I will not submit to exhaustion.
I will not become accustomed to sadness.
My heart seeks a window for hope,
Two wings to fly, and a lifetime of freedom.
I want my hours spent awake to be as sweet as my dreams.
A woman shouldn’t have to only dream.
An avid reader, Noorjahan Akbar couldn’t help but notice the number of extremist books targeting youth in Kabul’s libraries. “The books were accessible and affordable and they often dictated, through a narrow fundamentalist lens, what women should and shouldn’t be allowed to do,” she told WIB.
For a country like Afghanistan, plagued by decades of war and where women’s freedom of expression, movement and choice are threatened by extremist ideologies, these kinds of books were bound to postpone progress for another generation.
Poetry of Resistance
In response, Akbar and her friend Batul Moradi decided to publish 1500 copies of a small collection of women’s writings, which sold out within a month and sparked debate across the country. Free Women Writers was born. Subjects ranged from marriage, depression and violence, considered taboo particularly if approached from a female perspective
The anthology, Daughters of Rabia, took inspiration from Rabia Balkhi, a Persian poet of the tenth century C.E. who was murdered by her own brother for falling in love with a Turkic slave of lower caste, and wrote her final poems with her own blood as she lay dying.
Like Balkhi, women in Afghanistan face significant dangers when expressing themselves and challenging social norms.
You can love me,
You can hate me,
But you can never ignore me,
Because I’ll never be housebound again.
For Pary Shuaib, another member of Free Women Writers, male violence and domination lies at the root of a culture that quashes and dismisses women’s voices, glorifies brutality, and encourages cruelty. This is a global issue, and it affects the portrayal and perception of women worldwide.
“We firmly believe that uplifting women’s voices and allowing women to partake in society will change that and lead to a better world.”
The depiction of Afghan women as voiceless victims, she says, ignores their potential to promote a culture of peace where women’s needs are met and their problems addressed. “It’s largely men who are waging wars and partaking in terrorism,” she says, “We firmly believe that uplifting women’s voices and allowing women to partake in society will change that and lead to a better world.”
Indeed, the role of women in peacebuilding is becoming more important—but in Afghanistan, women are still largely ignored in these processes. This is not surprising, given that the experiences of women in Afghanistan are still largely invisible to society at large and they are often killed with total impunity, either by insurgents, other parties to the conflict or by their own communities.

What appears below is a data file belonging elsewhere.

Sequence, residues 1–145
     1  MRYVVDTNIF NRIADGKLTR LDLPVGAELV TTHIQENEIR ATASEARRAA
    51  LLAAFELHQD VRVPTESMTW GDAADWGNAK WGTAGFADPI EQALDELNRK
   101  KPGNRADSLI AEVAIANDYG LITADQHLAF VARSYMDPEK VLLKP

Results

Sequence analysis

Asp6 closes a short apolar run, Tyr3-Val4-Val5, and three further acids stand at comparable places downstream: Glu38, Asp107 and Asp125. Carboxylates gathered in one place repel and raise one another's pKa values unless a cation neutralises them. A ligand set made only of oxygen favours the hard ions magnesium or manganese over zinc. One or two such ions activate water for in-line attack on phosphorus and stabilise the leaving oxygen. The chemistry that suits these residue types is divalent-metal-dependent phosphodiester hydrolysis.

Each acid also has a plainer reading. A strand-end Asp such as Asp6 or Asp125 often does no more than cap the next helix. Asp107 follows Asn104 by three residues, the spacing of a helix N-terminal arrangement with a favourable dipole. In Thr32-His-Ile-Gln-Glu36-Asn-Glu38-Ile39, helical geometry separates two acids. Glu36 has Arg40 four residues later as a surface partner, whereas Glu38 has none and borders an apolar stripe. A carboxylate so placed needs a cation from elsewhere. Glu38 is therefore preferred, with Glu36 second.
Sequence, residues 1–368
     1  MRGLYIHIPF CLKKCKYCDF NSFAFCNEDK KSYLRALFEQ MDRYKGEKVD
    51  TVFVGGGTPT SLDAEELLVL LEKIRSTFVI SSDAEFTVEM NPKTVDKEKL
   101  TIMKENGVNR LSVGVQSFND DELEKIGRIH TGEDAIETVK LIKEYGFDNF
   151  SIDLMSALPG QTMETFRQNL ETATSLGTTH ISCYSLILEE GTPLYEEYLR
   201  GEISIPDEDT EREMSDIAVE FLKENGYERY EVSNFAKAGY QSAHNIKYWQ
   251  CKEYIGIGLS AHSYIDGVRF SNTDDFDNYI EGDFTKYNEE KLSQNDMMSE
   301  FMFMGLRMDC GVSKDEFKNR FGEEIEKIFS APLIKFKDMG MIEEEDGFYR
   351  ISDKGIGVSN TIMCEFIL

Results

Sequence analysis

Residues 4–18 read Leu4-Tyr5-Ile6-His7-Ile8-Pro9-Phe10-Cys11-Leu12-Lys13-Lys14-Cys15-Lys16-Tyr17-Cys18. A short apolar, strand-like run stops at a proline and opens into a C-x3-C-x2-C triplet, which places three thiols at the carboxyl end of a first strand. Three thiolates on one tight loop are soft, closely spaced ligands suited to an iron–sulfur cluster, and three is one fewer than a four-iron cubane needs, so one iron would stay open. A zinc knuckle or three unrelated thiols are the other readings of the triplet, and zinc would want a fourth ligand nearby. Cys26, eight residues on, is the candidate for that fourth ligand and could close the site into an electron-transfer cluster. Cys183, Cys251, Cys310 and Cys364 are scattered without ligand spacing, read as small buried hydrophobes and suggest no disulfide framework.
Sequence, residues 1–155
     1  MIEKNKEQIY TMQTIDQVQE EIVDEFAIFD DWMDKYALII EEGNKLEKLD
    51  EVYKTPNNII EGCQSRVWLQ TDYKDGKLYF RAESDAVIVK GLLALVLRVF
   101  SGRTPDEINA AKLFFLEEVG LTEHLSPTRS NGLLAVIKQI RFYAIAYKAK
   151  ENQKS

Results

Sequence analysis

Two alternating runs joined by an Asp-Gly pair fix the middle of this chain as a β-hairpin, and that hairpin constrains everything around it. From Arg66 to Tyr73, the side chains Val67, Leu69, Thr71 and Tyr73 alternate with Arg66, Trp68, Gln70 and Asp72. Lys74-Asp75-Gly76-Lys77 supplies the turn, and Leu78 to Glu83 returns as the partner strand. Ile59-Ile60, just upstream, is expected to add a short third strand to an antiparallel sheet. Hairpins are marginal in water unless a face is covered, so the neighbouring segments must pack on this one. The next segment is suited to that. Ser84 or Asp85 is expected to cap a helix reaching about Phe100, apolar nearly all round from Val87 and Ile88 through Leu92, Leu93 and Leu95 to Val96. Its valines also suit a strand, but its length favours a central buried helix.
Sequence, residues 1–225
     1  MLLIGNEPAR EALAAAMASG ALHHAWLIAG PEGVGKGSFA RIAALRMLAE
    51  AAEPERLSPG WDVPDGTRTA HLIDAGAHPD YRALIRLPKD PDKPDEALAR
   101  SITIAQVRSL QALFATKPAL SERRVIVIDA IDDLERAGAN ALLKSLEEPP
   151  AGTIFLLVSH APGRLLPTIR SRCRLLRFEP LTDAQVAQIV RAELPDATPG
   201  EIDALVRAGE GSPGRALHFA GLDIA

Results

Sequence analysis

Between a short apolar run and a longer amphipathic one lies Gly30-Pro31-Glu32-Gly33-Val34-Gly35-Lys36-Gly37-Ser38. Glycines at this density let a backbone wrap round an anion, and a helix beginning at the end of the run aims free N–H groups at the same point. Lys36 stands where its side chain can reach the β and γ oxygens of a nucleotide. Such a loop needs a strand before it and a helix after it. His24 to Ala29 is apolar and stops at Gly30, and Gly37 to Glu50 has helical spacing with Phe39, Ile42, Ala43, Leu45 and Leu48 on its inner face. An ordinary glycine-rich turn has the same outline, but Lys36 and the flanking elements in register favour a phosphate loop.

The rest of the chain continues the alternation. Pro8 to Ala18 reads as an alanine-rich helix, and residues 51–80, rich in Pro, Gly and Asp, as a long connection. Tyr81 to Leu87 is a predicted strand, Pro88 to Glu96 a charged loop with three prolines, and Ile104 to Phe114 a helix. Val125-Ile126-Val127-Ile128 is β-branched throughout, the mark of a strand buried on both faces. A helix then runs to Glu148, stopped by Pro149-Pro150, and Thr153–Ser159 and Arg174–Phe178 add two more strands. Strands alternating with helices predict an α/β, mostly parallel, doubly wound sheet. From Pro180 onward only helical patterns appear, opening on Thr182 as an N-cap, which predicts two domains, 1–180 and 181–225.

This is why giving visibility to women’s experiences and voices remain so important.
Do not idolize me on high pedestals
And do not chain my luscious hair.
Do not imprison me in cages and make my life bitter
And do not place sweets at the corner of the cage.
“Not more, not less, we want equality” by Negin Badakhsh
Though transformation on a large scale is necessary, the liberation of women in Afghanistan implies meaningful behaviour changes in the private sphere, which is where most women are at risk: honour killings, forced marriage, and gender-based violence are still daily occurrences.
Free Women Writers have often written about violence against women in Afghanistan and the long-lasting impact it has for the lives of Afghan women. In 2017, they published a second book entitled You Are Not Alone, in order to help women facing abuse. This book has had a major impact on its female readers. It allowed women to rediscover their courage and voice and learn that love is about respect and not ownership nor violence, wrote Akbar on the yearly review of the book.
Accepting the idea of healthy intimate relationships can be difficult in a culture where such things are not commonly discussed. But Free Women Writers are confident in the power of education to change mindsets. One of their initiatives is to offer advice to educators about how to tackle taboo subjects with young students such as consent, abuse and harassment so that love is not seen as a “dirty word”.
Love is not a dirty word
“Some of the women who write for us have nowhere else to share their story, their life experience, their traumas and deep longings,” says Shuaib. “How else can we know about them? How else can we heal if we don’t confront our trauma?”
Free Women Writers understand that long lasting and sustainable peace in Afghanistan must involve the full participation of women, but many of the issues that limit women are still considered taboo: such as virginity tests, custody laws or gender-based violence.
The organization offers a safe space to discuss these things, sometimes facing many risks. Akbar fears that these limitations could cause women to self-censor: “They don’t write as frankly and fearlessly as they could because of the pressures and threats around them, but I hope that slowly we will be able to do that and let our authentic selves shine when we write.”
‘We will not be silenced’
When reading through the poems of Free Women Writers, one finds a kind of courage, strength, depth and insight.
Their writings expose women that are different from the standard images of blue burkas that have become a part of a collective subconscious worldwide. These Afghan women are complex and fascinating human beings, capable of enacting change and fighting for their own liberation.
Like Balkhi, their words will stand the test of time. Writing is resisting, says Akbar – “No matter what form of oppression we face, we will not be erased or silenced.”
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